Murtaza Vali

  • Hale Tenger, Balloons on the Sea (detail), 2011, multi-channel video installation, dimensions variable.
    picks December 01, 2011

    Hale Tenger, Sharjah Biennial, “September 11”

    Every other March, the opening of the Sharjah Biennial coincides with Art Dubai. The former’s critical aspiration and ambitious sprawl combines with the glitz and glamour of the fair to make an overwhelming surfeit of contemporary art. Amid this year’s March Madness, Hale Tenger’s multichannel video installation Balloons on the Sea, 2011, at Green Art Gallery, provided much-needed space for reflection. Inspired by a common distraction along the Bosphorus in which patrons pay to shoot BB guns at floating balloons, the work’s main projection featured a single, colorful string of the inflatable

  • Vlassis Caniaris, Without Words, 1973, mixed media, 30 x 41 x 53”.
    picks October 18, 2011

    Vlassis Caniaris

    Though nearly four decades old, the six sculptural assemblages by the late Vlassis Caniaris on view in this exhibition feel unexpectedly timely. Cobbled together from the modest detritus of everyday life, these decidedly “unmonumental” tableaux, made in 1973 and 1974, are filled with images and objects that suggest mobility and travel, but the liberatory promise of departure to elsewhere is always tempered by the knowledge of the real hardships often faced upon arrival. Caniaris fled a dictatorship in his native Greece in 1956 and moved between various European capitals before returning to Athens

  • Hassan Khan, The Hidden Location, 2004, still from a four-channel video installation, 52 minutes.
    picks August 01, 2011

    Hassan Khan

    The Hidden Location, 2004, a fifty-two-minute, synchronized four-channel video installation at the heart of Hassan Khan’s solo exhibition, is a portrait of his hometown, Cairo. A vociferous critic of contemporary art from the Middle East that panders to and deals in Western stereotypes of the region, Khan rigorously and successfully resists the powerful lure of the exotic and formulaic.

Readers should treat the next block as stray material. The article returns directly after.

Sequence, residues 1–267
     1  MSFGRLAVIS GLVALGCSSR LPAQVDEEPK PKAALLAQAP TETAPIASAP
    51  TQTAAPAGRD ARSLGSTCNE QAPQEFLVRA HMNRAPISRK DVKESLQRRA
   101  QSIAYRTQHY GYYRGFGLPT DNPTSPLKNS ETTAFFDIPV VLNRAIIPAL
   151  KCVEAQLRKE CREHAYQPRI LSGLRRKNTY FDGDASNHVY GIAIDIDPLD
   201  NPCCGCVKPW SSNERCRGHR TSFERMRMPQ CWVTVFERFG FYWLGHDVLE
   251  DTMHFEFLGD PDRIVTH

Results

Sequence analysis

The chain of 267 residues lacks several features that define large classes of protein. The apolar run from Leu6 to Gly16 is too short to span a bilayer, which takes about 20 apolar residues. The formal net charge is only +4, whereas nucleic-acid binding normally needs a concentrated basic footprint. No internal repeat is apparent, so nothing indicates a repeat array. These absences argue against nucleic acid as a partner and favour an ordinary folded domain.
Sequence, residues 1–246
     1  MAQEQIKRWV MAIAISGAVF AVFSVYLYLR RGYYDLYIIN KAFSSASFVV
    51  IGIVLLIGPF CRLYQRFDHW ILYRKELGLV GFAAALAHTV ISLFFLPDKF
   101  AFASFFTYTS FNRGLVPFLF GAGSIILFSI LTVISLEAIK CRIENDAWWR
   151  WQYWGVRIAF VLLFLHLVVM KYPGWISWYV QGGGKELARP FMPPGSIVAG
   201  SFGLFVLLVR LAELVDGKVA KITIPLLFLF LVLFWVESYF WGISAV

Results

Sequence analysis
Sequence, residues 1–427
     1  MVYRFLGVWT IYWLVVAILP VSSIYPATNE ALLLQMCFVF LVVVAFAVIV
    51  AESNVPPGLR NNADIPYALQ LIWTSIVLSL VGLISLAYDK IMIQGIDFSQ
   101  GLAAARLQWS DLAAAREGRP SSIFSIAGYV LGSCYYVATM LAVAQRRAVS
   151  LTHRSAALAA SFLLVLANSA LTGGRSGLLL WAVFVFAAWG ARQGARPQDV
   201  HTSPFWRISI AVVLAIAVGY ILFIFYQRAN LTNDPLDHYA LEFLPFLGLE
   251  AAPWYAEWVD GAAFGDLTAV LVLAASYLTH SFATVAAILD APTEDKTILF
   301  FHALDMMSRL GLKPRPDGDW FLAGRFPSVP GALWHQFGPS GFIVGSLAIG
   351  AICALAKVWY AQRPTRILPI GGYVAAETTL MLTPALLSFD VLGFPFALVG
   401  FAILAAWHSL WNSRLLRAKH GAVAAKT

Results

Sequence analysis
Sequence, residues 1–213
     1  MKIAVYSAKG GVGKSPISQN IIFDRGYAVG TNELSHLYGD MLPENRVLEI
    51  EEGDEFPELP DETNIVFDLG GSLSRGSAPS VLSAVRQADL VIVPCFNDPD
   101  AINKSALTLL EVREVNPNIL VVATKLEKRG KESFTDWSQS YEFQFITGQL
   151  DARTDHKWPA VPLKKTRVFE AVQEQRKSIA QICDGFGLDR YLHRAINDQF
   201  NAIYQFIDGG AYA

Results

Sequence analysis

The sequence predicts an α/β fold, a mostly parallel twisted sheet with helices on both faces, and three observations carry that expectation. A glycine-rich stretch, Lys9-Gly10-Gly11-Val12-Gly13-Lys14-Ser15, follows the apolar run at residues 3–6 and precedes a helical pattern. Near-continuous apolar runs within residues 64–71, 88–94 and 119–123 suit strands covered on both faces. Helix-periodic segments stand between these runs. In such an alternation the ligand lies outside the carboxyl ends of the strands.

The installation consists of sixteen distinct sections that vary thematically and stylistically. Documentary-style segments—some silent, some not—of passing container ships and car traffic both jammed and moving,

  • Hassan Sharif, Jute, Cloth, and Rope, 1985, mixed media, dimensions variable.
    picks June 07, 2011

    Hassan Sharif

    Widely cited as the father of contemporary Emirati art, Hassan Sharif here receives a long-overdue retrospective. The exhibition includes three decades of his singular and pioneering work, including photographs documenting actions Sharif undertook in the early 1980s. Conducted during summers at home while he attended art school in England, these performances embody the artist’s desire to situate himself—literally—in the desert landscape of Dubai; they involve him walking, jumping, digging, and standing in a hole in the sand. Elsewhere in the exhibition, a selection of Sharif’s abstract paintings